The eye / brain does not like the lines. The red lines are part of a single horizontal line. The dotted lines is what I "see but canīt see", i.e. what my brain makes of it and leads to the confusion.

    Now the worst part:

    When you are looking up, the panorama is destroyed. Depending on the angle, you see the lines go nearly vertical on the side views, but exactly horizontal on the main screen.
    I cannot just turn the camera 30° eg and re-render. Iīll have to modify something else, but I canīt find out what. Is it the "roll" axis maybe? But how?
    At the moment I am using simple "heading / tilt" coordinates for the camera, but modifying to h/p/b would not be a problem. [/B]
    After seeing your very nicely hand-drawn pictures

    If you've got a horizontal line in space that goes across the center of the center screen, it should NOT go across the center of the side screens. It should cross the side screens at something like a 30 degree angle (or maybe not exactly 30, but definately at an angle), from the center of the edge closest to the middle screeen moving up towards the top.

    If this is not true, then your camera rotation is off somehow, and although it could be chalked up to imperfect drawing, your pictures make it look like the line goes straight across the center of the side monitors. As a simple proof that the line should cross at a diagonal, place your thumbs and forefingers in an L shape, framing a horizontal line, then turn your whole body to the right, and note how the line crosses the "frame" of your hands.

    As I mentioned elsewhere, the monitor positioning would be very important as well. It would probably be worth figuring out actual eye distance versus screen width to figure out the actual field of view to use rather than using traditional values, otherwise you'll get nasty discontinuities at the screen "edges". I'm just not sure how much you can get away with compressing the field of view into the space of one screen, and if you don't treat each screen as a perfect window into the virtual world, you're pretty much guaranteed to have problems at the edges that the brain might have trouble dealing with.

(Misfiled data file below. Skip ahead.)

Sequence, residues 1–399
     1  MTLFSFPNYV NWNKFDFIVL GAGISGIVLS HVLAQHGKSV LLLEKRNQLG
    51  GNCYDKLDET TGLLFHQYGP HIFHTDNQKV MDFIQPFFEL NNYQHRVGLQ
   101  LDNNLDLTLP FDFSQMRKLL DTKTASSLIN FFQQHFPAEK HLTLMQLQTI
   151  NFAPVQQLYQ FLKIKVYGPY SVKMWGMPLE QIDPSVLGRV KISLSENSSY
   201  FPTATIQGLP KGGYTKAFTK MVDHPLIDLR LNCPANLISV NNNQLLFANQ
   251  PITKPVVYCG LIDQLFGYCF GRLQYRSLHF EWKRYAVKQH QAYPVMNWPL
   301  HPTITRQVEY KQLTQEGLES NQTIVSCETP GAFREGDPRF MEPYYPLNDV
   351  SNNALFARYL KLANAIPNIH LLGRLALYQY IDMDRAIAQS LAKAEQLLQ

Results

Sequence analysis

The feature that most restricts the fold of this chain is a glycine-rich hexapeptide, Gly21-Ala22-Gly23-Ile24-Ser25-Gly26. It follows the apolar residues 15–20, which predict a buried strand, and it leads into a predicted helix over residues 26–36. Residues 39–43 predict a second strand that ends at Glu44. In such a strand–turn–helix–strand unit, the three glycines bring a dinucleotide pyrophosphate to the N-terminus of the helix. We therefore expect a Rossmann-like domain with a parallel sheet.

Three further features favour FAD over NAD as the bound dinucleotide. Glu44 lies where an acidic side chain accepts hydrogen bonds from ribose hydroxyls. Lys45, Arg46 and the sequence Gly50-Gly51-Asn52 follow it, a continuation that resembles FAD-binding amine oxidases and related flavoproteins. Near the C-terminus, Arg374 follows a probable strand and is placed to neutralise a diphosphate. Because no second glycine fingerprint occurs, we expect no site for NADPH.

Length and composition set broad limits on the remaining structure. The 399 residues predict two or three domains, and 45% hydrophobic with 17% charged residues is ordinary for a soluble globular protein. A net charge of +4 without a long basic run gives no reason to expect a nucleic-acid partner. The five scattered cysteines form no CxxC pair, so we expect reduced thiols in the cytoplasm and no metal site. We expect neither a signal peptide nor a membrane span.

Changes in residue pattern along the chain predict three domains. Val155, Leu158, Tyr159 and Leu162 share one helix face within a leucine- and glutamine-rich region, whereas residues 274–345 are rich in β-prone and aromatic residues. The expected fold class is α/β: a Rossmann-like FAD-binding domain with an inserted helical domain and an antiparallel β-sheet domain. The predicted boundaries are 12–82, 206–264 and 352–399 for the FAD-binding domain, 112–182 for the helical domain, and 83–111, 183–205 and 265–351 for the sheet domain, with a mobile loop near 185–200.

The problem you're seeing when you tilt up is almost certain to be in part due to whatever is causing your line to cross the center of the side screens in combination with a possibly incorrect rotation order. You'll want to apply pitch first, then roll, then yaw.

    If the pictures are just hard to read correctly, and the line does actually cut a diagonal towards the top of the side screens like it should, then you probably just need to get the screen positioning right, and figure out why the tilt goes wonky.
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    Thank you!

    The angles could be wrong because I drew that from my mind. Iīll have to look it up next week again. If the problem persists, Iīll post some screenshots. Iīll check my rotation order on monday too. I did have troubles with that earlier, maybe it is still wrong.

    Something else I thought of: The human eyes are not in the middle of your neck, so if you turn your head, your eyes actually donīt turn around their middle axis (like my camera does), but they "walk" on a circle line. Do you think this should be taken in consideration too?

    Eye-Screen distance is too variable. It was planned to work from a close distance (~50cm) for a single viewer, plus from about 4-5m distance for the audience walking by. Slowly I doubt the whole idea was good...

    M.